A Deformable Subreflector for the Haystack Radio-Telescope

June 23, 1994

A deformable subreflector was designed and implemented to compensate for part of the gravity deformations of the primary reflector of Haystack, a 37-m-(120-ft-)diameter Cassegrain radio telescope. This was done to allow it to operate at 100+ GHz, as compared to the 1-to-10 GHz range for which it was originally designed. The design, analysis, construction, testing, and the results of preliminary measurements of performance are presented. The deformable subreflector consists of a fiberglass shell, supported on an aluminum back structure. The homologous components of deformations are compensated for by optimal positioning of the subreflector, which can be displaced axially and laterally, and tilted. The deformation modes of the subreflector compensate for astigmatic deformations of the back structure of the primary, and for part of the symmetric and anti-symmetric components of gravity sag of the panels of the primary reflector. Analyses show that, due to the deformable subreflector, the surface RMS due to gravity has been reduced from 494 mm (19.4 mil) down to 146 mm (5.7 mil), as the antenna travels over its operating range of 15 to 70 degrees elevation. Combining the reduced gravity effects with surface adjustment and thermal errors results in a predicted combined surface error of 250 mm (9.8 mil), at the extremes of the operating range.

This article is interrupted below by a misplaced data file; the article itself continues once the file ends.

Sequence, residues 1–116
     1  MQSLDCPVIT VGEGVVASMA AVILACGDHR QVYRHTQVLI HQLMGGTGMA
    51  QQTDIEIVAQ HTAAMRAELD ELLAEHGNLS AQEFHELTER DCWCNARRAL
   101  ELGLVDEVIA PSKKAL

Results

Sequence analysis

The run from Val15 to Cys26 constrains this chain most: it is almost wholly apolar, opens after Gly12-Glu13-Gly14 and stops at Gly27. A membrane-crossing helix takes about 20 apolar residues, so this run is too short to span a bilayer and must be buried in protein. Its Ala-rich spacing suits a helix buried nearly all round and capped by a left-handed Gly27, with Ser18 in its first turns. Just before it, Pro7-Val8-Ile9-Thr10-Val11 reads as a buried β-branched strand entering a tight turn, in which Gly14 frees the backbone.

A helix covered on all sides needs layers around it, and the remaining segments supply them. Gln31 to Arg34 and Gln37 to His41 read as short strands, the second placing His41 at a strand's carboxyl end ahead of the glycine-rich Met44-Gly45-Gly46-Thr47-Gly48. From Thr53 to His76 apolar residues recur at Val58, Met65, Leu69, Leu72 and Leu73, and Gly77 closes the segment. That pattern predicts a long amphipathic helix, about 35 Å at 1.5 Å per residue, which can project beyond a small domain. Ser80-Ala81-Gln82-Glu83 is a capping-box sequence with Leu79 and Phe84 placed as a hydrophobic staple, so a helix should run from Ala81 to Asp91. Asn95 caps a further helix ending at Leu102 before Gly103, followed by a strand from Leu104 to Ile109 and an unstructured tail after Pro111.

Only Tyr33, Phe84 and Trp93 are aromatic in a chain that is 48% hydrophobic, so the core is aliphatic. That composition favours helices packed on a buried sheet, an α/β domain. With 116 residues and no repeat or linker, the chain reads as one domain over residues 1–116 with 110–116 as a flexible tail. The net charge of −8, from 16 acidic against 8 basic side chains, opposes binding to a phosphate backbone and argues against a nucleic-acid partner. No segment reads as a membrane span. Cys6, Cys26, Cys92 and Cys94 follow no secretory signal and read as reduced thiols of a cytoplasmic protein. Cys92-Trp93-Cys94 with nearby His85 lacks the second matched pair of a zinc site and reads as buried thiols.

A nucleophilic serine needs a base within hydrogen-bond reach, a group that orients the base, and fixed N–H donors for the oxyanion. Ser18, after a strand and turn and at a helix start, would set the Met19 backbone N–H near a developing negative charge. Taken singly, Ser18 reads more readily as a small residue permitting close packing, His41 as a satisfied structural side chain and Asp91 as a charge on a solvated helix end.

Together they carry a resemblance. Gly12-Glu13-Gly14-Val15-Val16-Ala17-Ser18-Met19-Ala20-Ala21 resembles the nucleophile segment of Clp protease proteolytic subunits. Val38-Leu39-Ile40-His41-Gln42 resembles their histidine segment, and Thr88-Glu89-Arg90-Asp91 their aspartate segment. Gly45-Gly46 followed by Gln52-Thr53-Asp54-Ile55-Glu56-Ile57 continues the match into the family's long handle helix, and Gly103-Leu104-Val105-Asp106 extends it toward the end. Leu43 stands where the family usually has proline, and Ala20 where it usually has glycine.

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 IEEE Antennas and Propagation Magazine

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